Donald Trump took a preemptive victory lap in Nevada on Saturday, 12 days before he is expected to sweep the state’s delegates in Nevada’s Feb. 8 Republican presidential caucuses.
After his victories in Iowa and New Hampshire, the former president held a “Commit to Caucus” rally in Las Vegas Saturday afternoon. The former president is still battling Nikki Haley for the Republican nomination as they compete in the Feb. 24 primary in her home state of South Carolina.
But in a situation that has proved confusing for many Nevada voters, Trump and Haley’s names are not appearing on the same ballot in two separate Nevada contests, which will take place more than two weeks before the South Carolina primary.
Trump is now the only major candidate competing in the Nevada caucuses, the contest run by the state Republican Party that will award the state’s 26 delegates.
“With the help of everyone here today, we’re going to secure a gigantic win in the Nevada caucuses,” Trump said Saturday. “We’re not going to have a lot of competition, I think, but it doesn’t matter. We want to get a great, beautiful mandate.”
Haley — who was facing a potentially embarrassing loss to Trump in a caucus that is likely to be dominated by GOP base voters loyal to the former president — opted not to compete in that contest. Instead, she placed her name on the ballot in the state-run primary that will take place two days earlier on Feb. 6, a contest that Nevada Republican leaders have described as a waste of taxpayer dollars. Haley’s vote tally will be largely symbolic because no Republican delegates will be awarded through the primary process.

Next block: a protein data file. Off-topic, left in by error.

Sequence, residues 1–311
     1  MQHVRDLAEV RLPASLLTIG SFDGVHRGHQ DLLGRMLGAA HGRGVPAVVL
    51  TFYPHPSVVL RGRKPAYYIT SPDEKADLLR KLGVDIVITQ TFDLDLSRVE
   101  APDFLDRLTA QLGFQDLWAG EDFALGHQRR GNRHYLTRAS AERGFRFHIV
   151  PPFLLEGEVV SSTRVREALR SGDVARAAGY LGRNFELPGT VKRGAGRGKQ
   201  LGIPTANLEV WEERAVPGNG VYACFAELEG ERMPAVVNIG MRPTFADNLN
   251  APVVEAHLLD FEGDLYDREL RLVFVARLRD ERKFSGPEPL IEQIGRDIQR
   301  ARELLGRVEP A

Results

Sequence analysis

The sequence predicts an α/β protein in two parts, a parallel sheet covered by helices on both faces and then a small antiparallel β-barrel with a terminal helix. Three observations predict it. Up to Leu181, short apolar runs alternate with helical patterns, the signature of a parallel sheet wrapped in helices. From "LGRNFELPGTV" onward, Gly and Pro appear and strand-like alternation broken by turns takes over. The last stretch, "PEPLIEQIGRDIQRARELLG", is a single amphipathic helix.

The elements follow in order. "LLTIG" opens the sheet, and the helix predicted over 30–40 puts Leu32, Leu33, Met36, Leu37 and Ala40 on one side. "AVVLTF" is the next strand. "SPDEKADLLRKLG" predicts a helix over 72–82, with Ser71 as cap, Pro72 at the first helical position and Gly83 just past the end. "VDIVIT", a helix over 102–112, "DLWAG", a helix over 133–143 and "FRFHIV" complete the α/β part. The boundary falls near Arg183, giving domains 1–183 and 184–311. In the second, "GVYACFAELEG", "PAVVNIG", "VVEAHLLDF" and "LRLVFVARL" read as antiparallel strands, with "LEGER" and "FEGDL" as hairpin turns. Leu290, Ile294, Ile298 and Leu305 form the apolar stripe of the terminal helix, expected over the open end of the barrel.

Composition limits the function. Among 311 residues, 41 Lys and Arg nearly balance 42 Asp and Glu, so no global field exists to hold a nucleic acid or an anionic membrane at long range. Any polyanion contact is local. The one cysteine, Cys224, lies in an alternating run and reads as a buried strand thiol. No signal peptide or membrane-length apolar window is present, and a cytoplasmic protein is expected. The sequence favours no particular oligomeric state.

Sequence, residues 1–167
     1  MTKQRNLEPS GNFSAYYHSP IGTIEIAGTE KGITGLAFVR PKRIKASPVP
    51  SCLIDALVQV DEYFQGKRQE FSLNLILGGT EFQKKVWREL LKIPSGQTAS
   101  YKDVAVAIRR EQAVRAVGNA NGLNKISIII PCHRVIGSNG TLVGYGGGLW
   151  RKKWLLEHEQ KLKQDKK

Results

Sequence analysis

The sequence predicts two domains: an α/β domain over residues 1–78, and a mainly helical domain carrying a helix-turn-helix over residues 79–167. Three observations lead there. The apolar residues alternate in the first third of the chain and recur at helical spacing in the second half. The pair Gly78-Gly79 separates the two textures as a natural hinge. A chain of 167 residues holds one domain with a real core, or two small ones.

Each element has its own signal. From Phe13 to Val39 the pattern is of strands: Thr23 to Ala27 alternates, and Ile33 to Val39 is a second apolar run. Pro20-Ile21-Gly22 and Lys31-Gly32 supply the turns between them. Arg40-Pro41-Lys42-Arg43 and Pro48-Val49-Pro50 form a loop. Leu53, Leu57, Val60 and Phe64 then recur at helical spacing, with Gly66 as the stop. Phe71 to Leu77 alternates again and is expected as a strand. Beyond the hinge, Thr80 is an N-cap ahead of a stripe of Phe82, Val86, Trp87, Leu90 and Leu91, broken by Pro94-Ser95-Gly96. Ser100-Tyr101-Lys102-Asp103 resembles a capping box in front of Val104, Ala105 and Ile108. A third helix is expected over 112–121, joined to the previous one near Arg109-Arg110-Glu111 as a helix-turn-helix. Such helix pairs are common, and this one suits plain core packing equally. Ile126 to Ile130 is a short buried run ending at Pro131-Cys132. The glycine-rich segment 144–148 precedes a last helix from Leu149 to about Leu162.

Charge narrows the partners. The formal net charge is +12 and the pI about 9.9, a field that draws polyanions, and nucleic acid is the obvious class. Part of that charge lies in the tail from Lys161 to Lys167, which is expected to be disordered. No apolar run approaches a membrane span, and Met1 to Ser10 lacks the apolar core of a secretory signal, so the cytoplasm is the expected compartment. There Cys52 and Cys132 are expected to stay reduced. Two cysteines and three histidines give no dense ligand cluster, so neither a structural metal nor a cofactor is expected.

Haley, a former U.N. ambassador and South Carolina governor, is the only remaining major GOP presidential contender on the primary ballot, which all Nevada voters are receiving in the mail. Former vice president Mike Pence and Sen. Tim Scott (R-S.C.) had also planned to compete in the primary, but both have since suspended their campaigns. Primary voters also have an option to choose “none of these candidates” when they fill out their ballot.
Trump told his audience on Saturday that the primary was irrelevant: “Don’t waste your time on primary, waste all of your time on caucus,” he said. “Because the primary doesn’t mean anything.”